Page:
I’m frequently asked, “how have you been” or “how are you feeling?” or “how was your day?” My most frequent response is a little foggy.”

In an effort to help everyone understand what I am trying to say, I consulted www.merriam-webster.com and looked up fog. This is what I found:

noun \ˈfg, fäg\

: many small drops of water floating in the air above the ground, the sea, etc.

: a state of mental confusion

The second definition, as you may have guessed, is the one that I refer to.

To give you an example, imagine driving down the road. Fog has set in and visibility is obstructed. You can’t see much, you’re cautious of your surroundings because of the dense fog. All of a sudden, you break through to a clearing. You can see all around you. Your vision is clear and you can proceed as normal.

Fortunately, we all don’t have to drive in the fog every day but imagine having that fog in your head, every day, never knowing when it will roll in.
You get up to get something, the fog rolls in, preventing you from remembering where you are or why you’re there.
You’re in the middle of a conversation, the fog rolls in so thick it turns to night, blocking out every thought, rendering you speechless.
You’re driving to a very familiar place, again the fog rolls in and you have no idea where you are. You have to rely on your GPS to tell you where to go.

This isn’t just sporadic or a one-time event. This is every day, several times a day, a typical day. Sometimes the fog is thicker, sometimes less, but it’s ALWAYS there. It’s my Alzheimer’s journey.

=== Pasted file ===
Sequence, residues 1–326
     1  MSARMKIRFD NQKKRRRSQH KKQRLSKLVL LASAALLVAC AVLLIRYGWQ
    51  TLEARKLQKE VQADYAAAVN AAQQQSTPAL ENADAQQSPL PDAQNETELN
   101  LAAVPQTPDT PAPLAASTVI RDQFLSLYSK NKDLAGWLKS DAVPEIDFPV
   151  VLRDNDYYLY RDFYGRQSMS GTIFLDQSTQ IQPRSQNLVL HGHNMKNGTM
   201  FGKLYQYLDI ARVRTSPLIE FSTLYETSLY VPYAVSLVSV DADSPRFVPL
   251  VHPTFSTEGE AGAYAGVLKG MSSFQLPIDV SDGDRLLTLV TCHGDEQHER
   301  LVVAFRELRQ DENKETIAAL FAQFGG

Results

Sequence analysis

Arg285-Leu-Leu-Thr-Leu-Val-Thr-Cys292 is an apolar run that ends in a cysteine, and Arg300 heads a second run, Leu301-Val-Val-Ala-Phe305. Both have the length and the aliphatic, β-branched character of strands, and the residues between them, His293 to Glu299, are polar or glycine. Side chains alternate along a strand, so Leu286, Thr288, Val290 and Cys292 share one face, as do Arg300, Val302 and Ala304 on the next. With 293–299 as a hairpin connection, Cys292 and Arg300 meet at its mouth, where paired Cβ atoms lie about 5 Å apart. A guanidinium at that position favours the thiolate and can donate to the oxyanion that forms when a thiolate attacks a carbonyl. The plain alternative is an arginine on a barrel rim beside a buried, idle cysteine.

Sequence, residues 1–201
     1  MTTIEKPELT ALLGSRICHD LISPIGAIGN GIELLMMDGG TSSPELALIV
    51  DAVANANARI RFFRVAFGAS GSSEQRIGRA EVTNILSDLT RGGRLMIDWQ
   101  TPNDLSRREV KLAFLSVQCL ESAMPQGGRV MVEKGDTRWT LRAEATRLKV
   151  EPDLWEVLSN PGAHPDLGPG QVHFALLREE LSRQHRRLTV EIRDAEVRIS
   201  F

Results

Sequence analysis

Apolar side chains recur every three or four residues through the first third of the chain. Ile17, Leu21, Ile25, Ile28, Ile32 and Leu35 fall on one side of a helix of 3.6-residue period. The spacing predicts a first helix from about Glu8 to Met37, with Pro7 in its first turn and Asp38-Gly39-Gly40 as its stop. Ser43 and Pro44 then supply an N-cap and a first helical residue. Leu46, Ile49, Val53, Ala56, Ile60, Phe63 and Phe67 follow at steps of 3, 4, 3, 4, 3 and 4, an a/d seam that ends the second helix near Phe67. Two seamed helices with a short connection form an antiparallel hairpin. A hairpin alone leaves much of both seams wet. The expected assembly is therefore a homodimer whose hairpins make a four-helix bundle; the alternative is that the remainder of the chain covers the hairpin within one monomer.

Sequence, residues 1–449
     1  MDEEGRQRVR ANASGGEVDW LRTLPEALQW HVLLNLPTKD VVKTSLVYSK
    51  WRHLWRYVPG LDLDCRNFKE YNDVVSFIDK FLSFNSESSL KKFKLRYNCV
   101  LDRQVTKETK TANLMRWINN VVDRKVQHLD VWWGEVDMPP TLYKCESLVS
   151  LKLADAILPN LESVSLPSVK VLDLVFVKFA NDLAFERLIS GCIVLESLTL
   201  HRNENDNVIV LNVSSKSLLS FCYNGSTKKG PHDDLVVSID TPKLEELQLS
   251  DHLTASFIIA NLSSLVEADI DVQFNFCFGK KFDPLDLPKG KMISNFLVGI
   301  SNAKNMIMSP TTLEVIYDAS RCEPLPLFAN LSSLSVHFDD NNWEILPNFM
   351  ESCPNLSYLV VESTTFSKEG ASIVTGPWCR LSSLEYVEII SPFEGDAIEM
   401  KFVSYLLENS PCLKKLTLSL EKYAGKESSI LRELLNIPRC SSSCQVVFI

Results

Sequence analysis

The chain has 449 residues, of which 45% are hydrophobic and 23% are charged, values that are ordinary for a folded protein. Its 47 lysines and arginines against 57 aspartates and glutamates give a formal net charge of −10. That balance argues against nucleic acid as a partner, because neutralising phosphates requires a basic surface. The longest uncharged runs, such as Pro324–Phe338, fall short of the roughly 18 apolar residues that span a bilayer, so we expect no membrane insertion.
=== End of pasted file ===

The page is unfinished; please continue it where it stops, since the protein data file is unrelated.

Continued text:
So, if you ask me how I’m doing and my answer is, Foggy with a hope of sunshine,” you’ll know what I mean. I remain positive and hopeful that the sunshine will continue to show up and burn away the fog.

Thanks for reading. Hope your day is everything you want and need it to be.

Peace!

4 thoughts on “Fog: It’s Not Just a Weather Condition

  1. Good day! This is my first comment here so I just wanted to give
    a quick shout out and say I truly enjoy reading your articles.
    Can you suggest any other blogs/websites/forums that cover the same topics?

    Thanks a ton!

    Like

  2. Wow Brian — what a fitting analogy. I’ve never seen it presented in quite this manner, but it makes sense. And it certainly helps all of us understand a little better what it feels like to be living with Alzheimer’s.

    Like

  3. Reblogged this on The Long and Winding Road… and commented:
    A brilliant piece by Brian LeBlanc, who is living with young onset Alzheimer’s. When I think back to my mom in terms of what Brian is describing, it all makes sense. The moments of clarity. The fog rolling in and out. Never knowing when it will come… Thank you, Brian, for helping us understand.

    Like

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